John Drewienkiewicz and Adam Poole have produced a fascinating and well illustrated new book on wargaming the American Civil War battle of Gettysburg. Volume 3 of the popular Wargaming in History series, this book carries on the tradition of the two earlier volumes in terms of quality of the photographs and the broad appeal of the content. The authors and several others played a series of regimental-level wargames based upon the fighting at Brandy Station, Barlow’s Knoll, Sickles’ Folly, and Pickett’s Charge. They present a detailed after-action report replete with hand-drawn maps of the various troop movements, and describe the battle action and results in the text.
Ken Trotman Publishing of Huntingdon, England, produced this book on high quality coated-two-side enamel paper with full color offset reproduction of the images and text. Priced at $50.0o U.S. , this book is a worthy addition to the gaming library. It is available in the U.S. from On Military Matters, 31 West Broad Street, Hopewell, N.J. 08525. In the UK, the book is carried by the publisher, Ken Trotman Ltd. (www.kentrotman.com).
The book is not a rehash of the tactics and strategy at Gettysburg or the campaign that led up to the famous battle (there are plenty of books available which more than adequately cover that material in depth). Rather, the authors wisely chose to focus on the actual wargaming after-action reports, as well as some interesting and useful background material for wargamers on the use of cavalry, artillery, and infantry in the Civil War. They used Regimental Fire & Fury as their basic rules set, with 15mm figures.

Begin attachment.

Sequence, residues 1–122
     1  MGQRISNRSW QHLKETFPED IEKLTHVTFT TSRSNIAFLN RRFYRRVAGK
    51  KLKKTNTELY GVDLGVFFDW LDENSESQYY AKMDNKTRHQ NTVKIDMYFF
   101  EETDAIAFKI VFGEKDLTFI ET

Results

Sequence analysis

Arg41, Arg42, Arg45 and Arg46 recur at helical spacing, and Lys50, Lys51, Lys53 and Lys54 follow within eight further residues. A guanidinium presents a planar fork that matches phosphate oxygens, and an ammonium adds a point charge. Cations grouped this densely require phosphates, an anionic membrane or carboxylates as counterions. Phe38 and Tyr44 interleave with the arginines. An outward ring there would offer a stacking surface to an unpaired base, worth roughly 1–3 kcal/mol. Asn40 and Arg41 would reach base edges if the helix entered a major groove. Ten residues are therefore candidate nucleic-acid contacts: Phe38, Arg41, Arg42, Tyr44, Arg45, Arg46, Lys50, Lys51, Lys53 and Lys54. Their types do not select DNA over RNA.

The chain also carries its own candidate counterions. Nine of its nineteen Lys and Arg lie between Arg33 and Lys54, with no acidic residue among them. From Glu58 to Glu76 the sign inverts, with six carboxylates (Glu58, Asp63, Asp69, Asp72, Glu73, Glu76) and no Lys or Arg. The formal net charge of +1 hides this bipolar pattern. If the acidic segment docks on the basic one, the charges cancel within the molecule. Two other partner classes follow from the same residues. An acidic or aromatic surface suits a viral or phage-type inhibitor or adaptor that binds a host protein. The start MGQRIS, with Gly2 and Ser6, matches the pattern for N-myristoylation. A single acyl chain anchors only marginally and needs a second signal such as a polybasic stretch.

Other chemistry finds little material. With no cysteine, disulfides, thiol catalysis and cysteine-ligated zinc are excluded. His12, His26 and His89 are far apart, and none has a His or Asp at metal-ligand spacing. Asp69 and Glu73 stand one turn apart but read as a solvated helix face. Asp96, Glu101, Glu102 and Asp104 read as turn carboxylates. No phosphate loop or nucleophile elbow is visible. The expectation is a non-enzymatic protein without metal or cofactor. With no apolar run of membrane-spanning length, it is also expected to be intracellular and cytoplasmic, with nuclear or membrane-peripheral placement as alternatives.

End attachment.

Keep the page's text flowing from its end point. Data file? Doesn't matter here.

There are 10 chapters in Wargaming in History, Vol. 3 – Gettysburg 1863.
Chapter 1 – Introduction
Chapter 2 – Gettysburg: Doing it All in One Go
Chapter 3 – The Gettysburg Campaign
Chapter 4 – Cavalry: Reconnaissance by Fire
Chapter 5 – Infantry Cold Steel: Barlow’s Knoll
Chapter 6 – Artillery: Pin and Outflank
Chapter 7 – Orders and Initiative, Sickles Obeys: What If?
Chapter 8 – The Direct Approach: Pickett’s Charge
Chapter 9 – Conclusions
Chapter 10 – The Battlefield Today
Three appendices round out the book, including a detailed order of battle, recommended reading, and a summary of available rules and figures.
There are dozens of maps illustrating the tactical situations and the gaming action. The book contains a few slight typos (Westerminster instead of Westminster, for example) but these are quite minor and do not detract from the overall quality of the layout, design, and graphics. The gaming descriptions are interesting and made me want to break out my figures and try out these scenarios for myself.
John Drewienkiewicz and Adam Poole are to be commended for this entertaining new book, which is one I recommend to gamers throughout the world who have an interest in Gettysburg. I am fortunate to live less than an hour’s drive from the battlefield, but it is clear that the authors have made plenty of visits to the field for terrain studies despite the distance from their homes in the UK.
Wargaming in History, Vol. 3 – Gettysburg 1863
John Drewienkiewicz and Adam Poole
Ken Trotman Publishing, 2011
184 pages, hardback with dust jacket, illustrated with maps